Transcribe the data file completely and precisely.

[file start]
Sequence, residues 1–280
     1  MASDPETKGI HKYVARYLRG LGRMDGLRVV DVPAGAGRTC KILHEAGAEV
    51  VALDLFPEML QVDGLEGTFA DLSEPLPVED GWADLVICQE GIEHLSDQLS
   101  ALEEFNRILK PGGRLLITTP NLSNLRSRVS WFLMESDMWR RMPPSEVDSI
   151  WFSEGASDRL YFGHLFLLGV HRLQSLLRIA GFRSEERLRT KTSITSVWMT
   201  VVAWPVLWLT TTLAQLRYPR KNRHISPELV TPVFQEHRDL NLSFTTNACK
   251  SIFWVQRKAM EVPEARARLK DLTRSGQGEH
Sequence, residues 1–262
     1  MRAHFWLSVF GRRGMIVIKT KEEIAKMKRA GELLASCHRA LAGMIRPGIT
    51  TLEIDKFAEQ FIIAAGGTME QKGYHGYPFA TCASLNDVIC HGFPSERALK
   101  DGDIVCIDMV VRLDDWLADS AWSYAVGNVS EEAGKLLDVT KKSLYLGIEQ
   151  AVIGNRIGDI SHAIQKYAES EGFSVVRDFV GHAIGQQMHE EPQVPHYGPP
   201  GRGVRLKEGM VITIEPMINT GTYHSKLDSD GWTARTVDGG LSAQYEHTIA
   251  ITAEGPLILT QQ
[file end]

Sequence, residues 1–280
     1  MASDPETKGI HKYVARYLRG LGRMDGLRVV DVPAGAGRTC KILHEAGAEV
    51  VALDLFPEML QVDGLEGTFA DLSEPLPVED GWADLVICQE GIEHLSDQLS
   101  ALEEFNRILK PGGRLLITTP NLSNLRSRVS WFLMESDMWR RMPPSEVDSI
   151  WFSEGASDRL YFGHLFLLGV HRLQSLLRIA GFRSEERLRT KTSITSVWMT
   201  VVAWPVLWLT TTLAQLRYPR KNRHISPELV TPVFQEHRDL NLSFTTNACK
   251  SIFWVQRKAM EVPEARARLK DLTRSGQGEH
Sequence, residues 1–262
     1  MRAHFWLSVF GRRGMIVIKT KEEIAKMKRA GELLASCHRA LAGMIRPGIT
    51  TLEIDKFAEQ FIIAAGGTME QKGYHGYPFA TCASLNDVIC HGFPSERALK
   101  DGDIVCIDMV VRLDDWLADS AWSYAVGNVS EEAGKLLDVT KKSLYLGIEQ
   151  AVIGNRIGDI SHAIQKYAES EGFSVVRDFV GHAIGQQMHE EPQVPHYGPP
   201  GRGVRLKEGM VITIEPMINT GTYHSKLDSD GWTARTVDGG LSAQYEHTIA
   251  ITAEGPLILT QQ